Pros and cons of tiny living

Downsizing to a tiny home presents many opportunities to save money and reduce clutter, but the move also means losing space and privacy. The cost to build a tiny home can add up quickly, especially if you need land to build on, but it may still be less expensive than a traditional home.


  Environmentally friendly

  Less to clean, freeing up your time

  Lower utility and maintenance costs

  Opportunity for savings

  Freedom to travel (if your home is on wheels)

  Tiny home regulations and laws vary widely

  Generally not eligible for a traditional mortgage

  May not have room for guests

  Some RV parks don’t allow them

  Lack of space and privacy (especially for families

  Land to build on can be expensive

How much do tiny houses cost?

The price of a tiny house can vary wildly depending on the type of home and how it is constructed or purchased. There are three paths to tiny home ownership: building it yourself, hiring a tiny home builder or purchasing a prefabricated or “prefab” tiny home from a seller. The cost can range from a few thousand dollars to renovate a storage shed to well over $100,000 for a custom-built home with luxurious amenities. Not only do you have to factor in the cost of building your tiny home, but you may also have to purchase land.

The DIY approach could cost you anywhere from $14,000 to $54,000 or more in materials. If doing the work yourself isn’t appealing, there are many expert tiny home builders who will construct your dream home and deliver it to you, but it’ll come at a steeper price. Tumbleweed Tiny Homes, for example, offers four model builds that range in price from $85,000 to $125,000. Another company, Tiny Home Builders, can either build you a tiny home or backyard studio or sell you plans to build it yourself. You can purchase pre-built tiny homes that cost anywhere from $40,000 to well over $100,000 by searching Tiny Home Builders’ Marketplace.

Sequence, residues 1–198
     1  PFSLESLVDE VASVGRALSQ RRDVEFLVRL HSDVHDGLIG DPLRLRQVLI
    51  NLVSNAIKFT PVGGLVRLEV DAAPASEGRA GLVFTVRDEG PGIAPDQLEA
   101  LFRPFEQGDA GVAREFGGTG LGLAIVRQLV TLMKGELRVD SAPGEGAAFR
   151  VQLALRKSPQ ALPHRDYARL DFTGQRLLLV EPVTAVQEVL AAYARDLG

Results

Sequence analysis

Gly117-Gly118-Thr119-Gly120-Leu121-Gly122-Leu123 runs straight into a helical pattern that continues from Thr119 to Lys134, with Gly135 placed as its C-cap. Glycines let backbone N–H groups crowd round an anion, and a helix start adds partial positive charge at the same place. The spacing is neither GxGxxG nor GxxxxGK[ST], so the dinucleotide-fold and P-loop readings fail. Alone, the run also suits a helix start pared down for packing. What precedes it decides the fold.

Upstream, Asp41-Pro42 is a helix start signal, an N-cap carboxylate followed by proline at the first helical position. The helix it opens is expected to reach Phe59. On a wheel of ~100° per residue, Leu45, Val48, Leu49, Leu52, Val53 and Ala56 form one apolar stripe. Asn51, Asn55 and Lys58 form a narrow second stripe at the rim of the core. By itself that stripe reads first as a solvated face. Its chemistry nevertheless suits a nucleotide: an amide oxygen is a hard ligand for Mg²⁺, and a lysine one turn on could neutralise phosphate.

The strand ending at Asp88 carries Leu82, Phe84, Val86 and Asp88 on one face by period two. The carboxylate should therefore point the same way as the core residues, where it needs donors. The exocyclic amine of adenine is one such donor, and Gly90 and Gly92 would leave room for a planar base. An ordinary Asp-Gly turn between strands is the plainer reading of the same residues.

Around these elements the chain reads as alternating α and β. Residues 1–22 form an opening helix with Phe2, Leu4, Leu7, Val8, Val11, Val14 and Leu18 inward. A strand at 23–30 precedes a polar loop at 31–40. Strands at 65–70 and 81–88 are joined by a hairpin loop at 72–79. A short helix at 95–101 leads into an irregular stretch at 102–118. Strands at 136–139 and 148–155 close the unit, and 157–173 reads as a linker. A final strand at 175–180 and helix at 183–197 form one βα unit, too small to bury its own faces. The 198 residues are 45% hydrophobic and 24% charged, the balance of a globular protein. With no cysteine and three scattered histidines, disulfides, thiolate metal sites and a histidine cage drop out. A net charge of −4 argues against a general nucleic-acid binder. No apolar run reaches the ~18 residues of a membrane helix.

The buck doesn’t stop after your home is constructed. Delivery fees could add thousands of dollars onto the total cost, depending on the builder and distance the home needs to be shipped. If you buy land for your tiny home, the price will depend on the acreage and location.

Financing options for tiny homes

There are a few ways to finance your tiny home if you can’t afford to pay cash. Personal loans, financing through a builder, taking out an RV loan or borrowing against the equity on your home are common tiny home financing options. Some online loan lenders even specialize in tiny house loans, so it is worth shopping for rates.

Personal loan

If you want to finance a tiny home with a personal loan, you will likely need very good to excellent credit (at least 670 or higher) to get the best rates. If you can pay for most of the house with savings, you could use a personal loan to finance the rest. Some lenders, such as LightStream, offer personal loans designed for purchasing a tiny home for up to $100,000. If you want their lowest annual percentage rate (APR) of 5.73%, you will need excellent credit. The repayment period is shorter than a typical mortgage – only seven years. Depending on the lender, personal loans may come with additional fees, which could increase the total cost to borrow and impact your monthly payment. Generally, your debt-to-income (DTI) ratio should be at or below 35%.